Monday, May 20, 2024
Bridget Johnson joins CSafe Global

Bridget Johnson joins CSafe Global

CSafe Global, provider of temperature-controlled container solutions, announced that Bridget Johnson has joined the company’s senior leadership team as senior vice president of marketing.

Johnson brings to CSafe more than 25 years of upstream and downstream marketing expertise, having led multiple global marketing teams for industry-leading biopharma and life sciences organisations.

In this newly created role, she will lead CSafe’s integrated global marketing strategy, including development of global brand and portfolio positioning, thought leadership, omnichannel demand generation, and an enhanced digital client experience.

“Our rapid growth, combined with our recent acquisition of Softbox, necessitated the need to add a highly experienced marketing executive to help us reach the next level of market leadership,” said CSafe CEO, Patrick Schafer of the decision to add the new role.

“Bridget has considerable experience in both the pharmaceutical and life science industries, having built and led multiple world-class marketing organisations,” Schafer continued. “Her expertise in strategy, branding and demand generation is a perfect combination to help move CSafe into the future.”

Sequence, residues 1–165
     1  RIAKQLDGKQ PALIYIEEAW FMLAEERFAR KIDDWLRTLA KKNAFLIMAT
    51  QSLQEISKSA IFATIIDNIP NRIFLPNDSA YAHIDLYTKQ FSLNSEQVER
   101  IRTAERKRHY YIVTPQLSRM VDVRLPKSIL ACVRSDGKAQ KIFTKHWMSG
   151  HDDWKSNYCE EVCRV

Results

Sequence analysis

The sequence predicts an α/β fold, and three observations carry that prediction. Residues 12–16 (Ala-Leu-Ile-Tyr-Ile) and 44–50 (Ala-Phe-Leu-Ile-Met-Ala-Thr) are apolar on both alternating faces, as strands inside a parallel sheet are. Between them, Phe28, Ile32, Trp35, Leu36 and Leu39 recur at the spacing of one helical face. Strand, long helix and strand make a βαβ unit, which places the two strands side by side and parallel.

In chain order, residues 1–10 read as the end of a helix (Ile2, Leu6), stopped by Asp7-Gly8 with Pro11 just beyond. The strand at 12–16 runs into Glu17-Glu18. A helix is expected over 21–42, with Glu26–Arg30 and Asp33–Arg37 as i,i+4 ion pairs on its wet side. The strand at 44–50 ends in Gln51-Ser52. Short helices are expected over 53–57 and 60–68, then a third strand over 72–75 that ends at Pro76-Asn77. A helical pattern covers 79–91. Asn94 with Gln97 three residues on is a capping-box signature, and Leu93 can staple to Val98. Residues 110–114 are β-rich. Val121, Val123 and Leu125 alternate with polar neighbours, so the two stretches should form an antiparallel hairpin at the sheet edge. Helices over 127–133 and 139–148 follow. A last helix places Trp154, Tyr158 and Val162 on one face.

Prior to joining CSafe Global, Johnson held global marketing leadership roles with Thermo Fisher Scientific, Covance Laboratories and Baxter International.

In her most recent role as vice president of global marketing at Metabolon, she was responsible for portfolio and product marketing, demand generation and reputation management globally.

CSafe and the cold chain industry have huge potential for growth,” said Johnson. “It’s an exciting time to join the company and help make an impact.”


Stay informed. Stay ahead. To get the latest air cargo news and industry trends delivered directly to your inbox, sign up now!

related articles

AGI Global Logistics appoint Nicky Woodman as Manchester Co-Director


Asia Pacific tonnages partially rebound following Labour Day dip